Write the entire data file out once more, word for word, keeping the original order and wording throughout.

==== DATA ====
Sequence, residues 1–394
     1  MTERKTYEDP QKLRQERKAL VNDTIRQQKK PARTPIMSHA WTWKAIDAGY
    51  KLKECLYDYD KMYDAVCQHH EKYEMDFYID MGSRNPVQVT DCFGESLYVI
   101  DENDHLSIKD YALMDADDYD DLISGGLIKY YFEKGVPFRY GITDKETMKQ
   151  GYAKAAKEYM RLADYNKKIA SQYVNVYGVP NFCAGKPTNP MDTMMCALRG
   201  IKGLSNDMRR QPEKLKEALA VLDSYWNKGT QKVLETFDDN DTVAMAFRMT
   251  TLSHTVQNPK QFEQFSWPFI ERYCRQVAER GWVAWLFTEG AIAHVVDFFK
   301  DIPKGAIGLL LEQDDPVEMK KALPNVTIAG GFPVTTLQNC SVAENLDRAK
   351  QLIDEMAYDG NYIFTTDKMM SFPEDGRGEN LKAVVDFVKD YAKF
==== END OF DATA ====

Sequence, residues 1–394
     1  MTERKTYEDP QKLRQERKAL VNDTIRQQKK PARTPIMSHA WTWKAIDAGY
    51  KLKECLYDYD KMYDAVCQHH EKYEMDFYID MGSRNPVQVT DCFGESLYVI
   101  DENDHLSIKD YALMDADDYD DLISGGLIKY YFEKGVPFRY GITDKETMKQ
   151  GYAKAAKEYM RLADYNKKIA SQYVNVYGVP NFCAGKPTNP MDTMMCALRG
   201  IKGLSNDMRR QPEKLKEALA VLDSYWNKGT QKVLETFDDN DTVAMAFRMT
   251  TLSHTVQNPK QFEQFSWPFI ERYCRQVAER GWVAWLFTEG AIAHVVDFFK
   301  DIPKGAIGLL LEQDDPVEMK KALPNVTIAG GFPVTTLQNC SVAENLDRAK
   351  QLIDEMAYDG NYIFTTDKMM SFPEDGRGEN LKAVVDFVKD YAKF